Putting the National Interest First

Blog Post
Tuesday, April 17, 2012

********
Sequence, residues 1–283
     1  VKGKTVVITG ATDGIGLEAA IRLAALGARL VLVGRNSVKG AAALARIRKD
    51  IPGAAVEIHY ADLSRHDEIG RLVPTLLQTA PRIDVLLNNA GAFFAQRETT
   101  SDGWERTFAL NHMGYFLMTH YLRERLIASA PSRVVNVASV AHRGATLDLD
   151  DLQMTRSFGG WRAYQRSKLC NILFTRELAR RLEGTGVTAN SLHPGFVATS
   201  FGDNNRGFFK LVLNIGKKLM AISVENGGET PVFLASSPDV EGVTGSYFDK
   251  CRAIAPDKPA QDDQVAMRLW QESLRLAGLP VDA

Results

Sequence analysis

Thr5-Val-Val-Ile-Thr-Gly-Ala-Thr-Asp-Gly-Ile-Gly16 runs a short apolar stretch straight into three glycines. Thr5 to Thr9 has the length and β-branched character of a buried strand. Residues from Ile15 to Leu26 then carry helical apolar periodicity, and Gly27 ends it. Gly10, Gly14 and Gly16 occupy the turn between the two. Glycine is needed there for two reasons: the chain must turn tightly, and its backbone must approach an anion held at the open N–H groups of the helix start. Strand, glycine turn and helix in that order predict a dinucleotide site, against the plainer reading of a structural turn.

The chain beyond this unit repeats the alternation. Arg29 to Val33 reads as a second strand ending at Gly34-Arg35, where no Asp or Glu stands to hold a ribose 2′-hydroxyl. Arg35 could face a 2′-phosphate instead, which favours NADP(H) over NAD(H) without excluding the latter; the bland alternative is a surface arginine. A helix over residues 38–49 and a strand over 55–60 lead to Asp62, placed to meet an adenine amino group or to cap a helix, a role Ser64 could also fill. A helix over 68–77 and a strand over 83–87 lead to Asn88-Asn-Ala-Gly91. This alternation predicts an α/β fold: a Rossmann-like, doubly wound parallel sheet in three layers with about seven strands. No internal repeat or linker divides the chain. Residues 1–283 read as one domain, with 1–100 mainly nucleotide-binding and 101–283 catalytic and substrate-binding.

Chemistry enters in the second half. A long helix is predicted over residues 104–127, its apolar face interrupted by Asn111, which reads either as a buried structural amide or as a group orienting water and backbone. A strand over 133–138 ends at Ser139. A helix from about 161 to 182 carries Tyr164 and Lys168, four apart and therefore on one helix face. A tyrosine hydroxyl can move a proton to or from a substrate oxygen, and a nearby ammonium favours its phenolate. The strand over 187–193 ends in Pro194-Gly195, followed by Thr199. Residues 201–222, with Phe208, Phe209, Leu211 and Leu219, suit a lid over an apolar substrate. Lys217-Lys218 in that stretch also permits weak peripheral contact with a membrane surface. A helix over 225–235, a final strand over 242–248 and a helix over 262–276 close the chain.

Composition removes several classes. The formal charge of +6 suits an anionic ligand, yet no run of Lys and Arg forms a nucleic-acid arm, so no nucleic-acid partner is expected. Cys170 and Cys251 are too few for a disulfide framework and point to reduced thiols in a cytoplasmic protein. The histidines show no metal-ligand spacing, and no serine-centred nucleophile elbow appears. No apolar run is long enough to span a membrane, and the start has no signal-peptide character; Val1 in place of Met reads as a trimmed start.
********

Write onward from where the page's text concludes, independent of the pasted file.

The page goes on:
As a recent Chicago Tribune editorial noted, most House members chose last month to “put partisanship above progress on the nation’s debt” by supporting budget plans favored only by one party or the other. But 38 lawmakers voted for bipartisan legislation to follow through on the work of the President’s fiscal commission.Sara Imhof, Midwest regional director for The Concord Coalition, recently joined the Tribune in praising those 38 lawmakers – including five from Illinois – for their political courage.The Cooper-LaTourette plan these House members backed is a comprehensive approach to fiscal reform that combines defense and domestic spending cuts, changes in the entitlement programs, and tax reform with additional revenue for deficit reduction. Imhof writes that this plan offers “a credible, fair-minded path to a sustainable federal budget.”Future efforts along these lines will be needed. “True fiscal reform must come eventually,” Imhof says, “and it will require bipartisan compromise.”In an op-ed Monday Judd Gregg, a former U.S. senator from New Hampshire who serves on Concord’s board of directors, called on the President’s commission to reconvene to update its “fiscal menu,” giving members of Congress later this year “an opportunity to act outside the partisan boxes that will frustrate serious action.”  Read more with Bipartisan CourageExternal links:Down in Flames Let Bowles, Simpson Finish Their JobBipartisan Budget Plan Based on Simpson-Bowles Provides Framework for Future Efforts